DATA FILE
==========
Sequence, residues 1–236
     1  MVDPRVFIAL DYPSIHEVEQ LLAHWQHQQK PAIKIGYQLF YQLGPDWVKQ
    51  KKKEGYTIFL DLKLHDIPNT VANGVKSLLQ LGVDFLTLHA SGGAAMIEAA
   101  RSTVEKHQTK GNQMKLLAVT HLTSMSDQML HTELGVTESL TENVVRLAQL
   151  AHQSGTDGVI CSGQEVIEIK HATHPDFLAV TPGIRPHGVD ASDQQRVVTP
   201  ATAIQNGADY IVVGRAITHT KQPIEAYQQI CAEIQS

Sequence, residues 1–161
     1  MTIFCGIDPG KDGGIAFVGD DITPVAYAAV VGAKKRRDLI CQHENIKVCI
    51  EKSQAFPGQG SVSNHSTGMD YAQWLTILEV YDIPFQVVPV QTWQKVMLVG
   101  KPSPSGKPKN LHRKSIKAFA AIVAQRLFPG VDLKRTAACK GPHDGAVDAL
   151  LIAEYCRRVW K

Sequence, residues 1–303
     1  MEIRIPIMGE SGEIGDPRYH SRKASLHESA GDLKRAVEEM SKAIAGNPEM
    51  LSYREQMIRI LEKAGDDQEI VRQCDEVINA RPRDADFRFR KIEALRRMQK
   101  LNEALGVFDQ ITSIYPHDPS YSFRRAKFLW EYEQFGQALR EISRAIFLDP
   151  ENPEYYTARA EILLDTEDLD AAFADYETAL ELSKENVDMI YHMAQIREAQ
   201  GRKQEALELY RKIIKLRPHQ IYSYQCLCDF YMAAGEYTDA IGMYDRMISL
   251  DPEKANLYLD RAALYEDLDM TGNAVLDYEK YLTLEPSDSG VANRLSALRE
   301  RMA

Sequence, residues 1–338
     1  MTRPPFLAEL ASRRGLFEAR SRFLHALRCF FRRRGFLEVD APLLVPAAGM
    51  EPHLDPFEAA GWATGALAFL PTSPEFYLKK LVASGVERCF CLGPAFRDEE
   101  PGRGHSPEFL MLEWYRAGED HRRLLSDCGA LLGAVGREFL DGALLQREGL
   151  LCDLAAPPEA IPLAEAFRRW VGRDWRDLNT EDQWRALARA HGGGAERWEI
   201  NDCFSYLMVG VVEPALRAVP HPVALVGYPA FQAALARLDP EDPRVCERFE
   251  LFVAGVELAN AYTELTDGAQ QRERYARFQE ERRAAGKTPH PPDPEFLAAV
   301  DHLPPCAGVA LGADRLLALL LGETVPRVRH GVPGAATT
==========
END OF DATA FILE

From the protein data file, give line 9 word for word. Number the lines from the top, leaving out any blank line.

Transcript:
    51  EKSQAFPGQG SVSNHSTGMD YAQWLTILEV YDIPFQVVPV QTWQKVMLVG